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Poinsettias hit hard by whiteflies this past season

Early biocontrol practices can help prevent the spread of whitefly to different areas of the greenhouse. They also help skew the Bemisia population towards the B-type, rather than the Q-type which is more resisistant to insecticides.

September 1, 2022  By Greenhouse Canada


Whitefly on poinsettia cuttings four weeks after sticking. photos courtesy of A. Grimm

Ontario poinsettia growers saw a surge in whitefly pressure last season.

During a discussion at the Sawaya Gardens’ poinsettia trial open house in Waterford, Ont. last November, a number of growers attested to high whitefly (Bemisia tabaci) pressure at various points during the past season. Some found them in earlier weeks, others in later shipments.

For Jeffery’s Greenhouses in the Niagara region of Ont., they observed at least five times as much whitefly pressure as they did in previous years while still on the rooting bench, early on in propagation. Shipments to their greenhouse were hit-and-miss. Some turned out to be highly infested while others were completely clean. Head Grower Albert Grimm says they were forced to throw away a few hundred cuttings after thoroughly inspecting each cutting tray. Based on their initial observations from weeks 30 to 32, they ramped up their biocontrol program accordingly and doubled their spending to curb a potentially devastating whitefly problem later on in the season.

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 “Very early scouting using methods that are suitable to detect whitefly nymphs, long before they show up on yellow sticky cards, were crucial,” Grimm said.

Of the growers who shared their methods for whitefly control, some used dips in BotaniGard and/or Kopa insecticidal soap, depending on their past degree of success with these products. However, many underscored the importance of scouting and starting a biocontrol program early on.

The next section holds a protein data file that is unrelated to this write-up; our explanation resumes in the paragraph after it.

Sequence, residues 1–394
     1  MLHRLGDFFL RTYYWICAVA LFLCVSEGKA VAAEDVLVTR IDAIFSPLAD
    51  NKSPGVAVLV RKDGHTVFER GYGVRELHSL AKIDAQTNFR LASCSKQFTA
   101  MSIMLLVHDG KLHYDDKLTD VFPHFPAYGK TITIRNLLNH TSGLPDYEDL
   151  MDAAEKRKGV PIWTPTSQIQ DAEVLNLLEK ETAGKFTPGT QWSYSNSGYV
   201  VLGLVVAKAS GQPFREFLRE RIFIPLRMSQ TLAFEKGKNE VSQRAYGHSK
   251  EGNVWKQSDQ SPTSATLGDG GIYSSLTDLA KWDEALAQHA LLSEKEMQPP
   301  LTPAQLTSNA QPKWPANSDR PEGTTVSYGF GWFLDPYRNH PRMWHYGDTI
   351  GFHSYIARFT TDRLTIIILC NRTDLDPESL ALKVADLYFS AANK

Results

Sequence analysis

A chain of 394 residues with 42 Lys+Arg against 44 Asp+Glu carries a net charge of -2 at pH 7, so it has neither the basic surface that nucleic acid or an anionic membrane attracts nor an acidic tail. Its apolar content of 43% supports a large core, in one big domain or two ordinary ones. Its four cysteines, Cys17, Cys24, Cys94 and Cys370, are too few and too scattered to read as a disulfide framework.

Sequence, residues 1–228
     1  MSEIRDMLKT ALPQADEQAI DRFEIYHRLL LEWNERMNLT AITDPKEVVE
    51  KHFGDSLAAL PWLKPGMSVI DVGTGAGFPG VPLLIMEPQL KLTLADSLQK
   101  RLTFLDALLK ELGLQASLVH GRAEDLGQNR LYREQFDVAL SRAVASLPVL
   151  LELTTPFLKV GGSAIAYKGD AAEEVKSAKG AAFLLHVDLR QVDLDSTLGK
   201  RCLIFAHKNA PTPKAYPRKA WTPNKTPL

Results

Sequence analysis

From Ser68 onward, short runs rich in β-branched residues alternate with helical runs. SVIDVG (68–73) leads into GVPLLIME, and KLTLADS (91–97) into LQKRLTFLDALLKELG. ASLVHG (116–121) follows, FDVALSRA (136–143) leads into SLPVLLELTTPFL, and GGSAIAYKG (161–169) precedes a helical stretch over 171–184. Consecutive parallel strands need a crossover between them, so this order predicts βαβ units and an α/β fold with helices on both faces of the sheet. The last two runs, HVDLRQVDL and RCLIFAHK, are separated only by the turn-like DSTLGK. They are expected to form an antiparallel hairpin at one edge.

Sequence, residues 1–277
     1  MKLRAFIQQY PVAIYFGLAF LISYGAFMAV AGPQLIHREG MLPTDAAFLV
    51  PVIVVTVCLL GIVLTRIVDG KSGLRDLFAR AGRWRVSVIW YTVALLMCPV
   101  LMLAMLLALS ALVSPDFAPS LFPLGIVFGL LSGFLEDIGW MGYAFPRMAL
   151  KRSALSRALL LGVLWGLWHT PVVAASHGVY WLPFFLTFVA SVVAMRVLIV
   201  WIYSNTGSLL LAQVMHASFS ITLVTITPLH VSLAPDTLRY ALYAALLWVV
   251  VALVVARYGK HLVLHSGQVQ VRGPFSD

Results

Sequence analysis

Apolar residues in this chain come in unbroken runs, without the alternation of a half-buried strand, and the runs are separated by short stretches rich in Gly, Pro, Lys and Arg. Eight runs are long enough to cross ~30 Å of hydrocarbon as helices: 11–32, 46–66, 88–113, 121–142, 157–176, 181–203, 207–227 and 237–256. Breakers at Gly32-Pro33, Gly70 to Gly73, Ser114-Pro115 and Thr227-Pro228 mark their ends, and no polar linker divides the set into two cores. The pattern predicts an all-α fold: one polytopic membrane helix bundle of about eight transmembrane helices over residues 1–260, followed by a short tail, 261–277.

“If you didn’t use biologicals, chances are you would have to start spraying by September then spray every week after,” said Mike Short, IPM consultant and owner of Eco-Habitat AgriServices. “If you’ve been using biologicals all the way along, what you’re doing is you’re mitigating the amount of whitefly migration and intensity in the crop.”

From experience, Short has found that biological control methods help keep whitefly from spreading to different varieties in the greenhouse. Furthermore, these practices can help skew the proportion of the whitefly population towards the B-type rather than the Q-type species of Bemisia, where the latter is resistant to most insecticidal sprays. Starting with a biological control program early on would help improve the efficacy of sprays in the fall for a final clean-up of poinsettias, if needed.

A number of poinsettia cuttings suppliers were also present, giving growers an overview of pest management strategies used in their offshore facilities. They continuously monitor for whitefly on plants, with many relying on chemical-based inputs to keep them clean.

At Dümmen Orange however, technical support specialist Rick Rabb explained that the supplier changed up their approach to pest management by implementing biological control on their poinsettia. In 2015, the company introduced their GreenGuard program, which builds on foundational IPM principles, monitoring pests regularly and using non-chemical methods when possible. They use spot sprays along with bio-friendly pesticides throughout the growing season up until harvest.

“We’re making great progress on our biological control,” he said, pointing not only to the poinsettias, but to other crops as well, including their spring annuals.